Business insurance is a complex animal. The list of potential risks is long and fairly nuanced, depending on the type of business at hand. Without an industry expert in your corner, it can be easy to overlook certain “what-if?” scenarios that aren’t expressly covered by your business owner’s policy. Having the right agent on your team, to anticipate and explain hidden gaps, is essential.
In the world of microbreweries, utility service interruptionis a perfect case in point. Utility service interruption is a specific type of loss event—an event not typically covered by standard commercial property terms, nor equipment coverage (a.k.a. “inland marine”), nor basic business interruption, despite its similar-sounding name. Meanwhile, utility service interruption is a very real and very costly exposure.
So here’s what you need to know:
What is utility service interruption insurance?
Also known as “off-premises power coverage,” utility service interruption (USI) is an endorsement that can beaddedto basic business interruption and/or commercial property coverage. USI typically covers disruptions to the following:
· Your Water Supply (pumping stations, water mains, sewer mains)
· Your Power Supply (utility generating plants, switching stations, substations)
· Your Communications Supply (optic fiber transmission lines, coaxial cables, microwave radio relays, overhead transmission lines)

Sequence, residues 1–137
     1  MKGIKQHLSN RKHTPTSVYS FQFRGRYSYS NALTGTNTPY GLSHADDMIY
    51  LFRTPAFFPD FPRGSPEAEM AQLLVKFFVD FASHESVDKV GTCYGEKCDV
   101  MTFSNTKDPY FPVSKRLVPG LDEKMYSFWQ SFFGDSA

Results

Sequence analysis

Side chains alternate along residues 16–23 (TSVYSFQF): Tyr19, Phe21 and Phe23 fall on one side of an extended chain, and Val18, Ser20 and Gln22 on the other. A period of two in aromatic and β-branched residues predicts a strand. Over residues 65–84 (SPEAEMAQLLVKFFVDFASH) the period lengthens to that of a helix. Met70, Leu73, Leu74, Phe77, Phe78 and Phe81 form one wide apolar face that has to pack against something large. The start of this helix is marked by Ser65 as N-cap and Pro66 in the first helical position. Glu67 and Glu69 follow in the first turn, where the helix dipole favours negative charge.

USI endorsements vary widely, in terms of which utility services are included, whether both “Direct Damage” and “Time Element” losses are covered, whether transmission lines are covered, and other variables. Your brewery insuranceteam should help you define which elements within these categories are covered on your policy.
What’s the difference between Direct Damage and Time Element Losses?
There are two ways to extend your basic insurance program by adding USI coverage: a direct damage endorsement and/or a time element losses endorsement.
A Direct Damage endorsement acts as an extension of your propertyinsurance, offering protection against damage to tangible property, resulting from a utility interruption. So if, for example, a power line down the street is struck by lightning, and a surging electrical current flows back into your building, the burst can overwhelm your surge protectors—damaging your computers, appliances, breakers, switches and receptacles. A Direct Damage endorsement would kick in to cover any new wiring needed or equipment replacement.
Time Element Losses, on the other hand, are associated with stalled operations and lost income. After a utility disruption, lacking electricity or water would likely prevent you from opening your doors—costing you money. Similarly, if a prolonged power outage affected your ability to control fermentation temperatures, you might lose valuable batches of beer: more lost income. A USI Time Element endorsement would extend your business interruption coverage to help you recoup these losses, up to a predetermined time limit or until utility service was restored.
But I already have business interruption coverage? Isn’t this the same thing?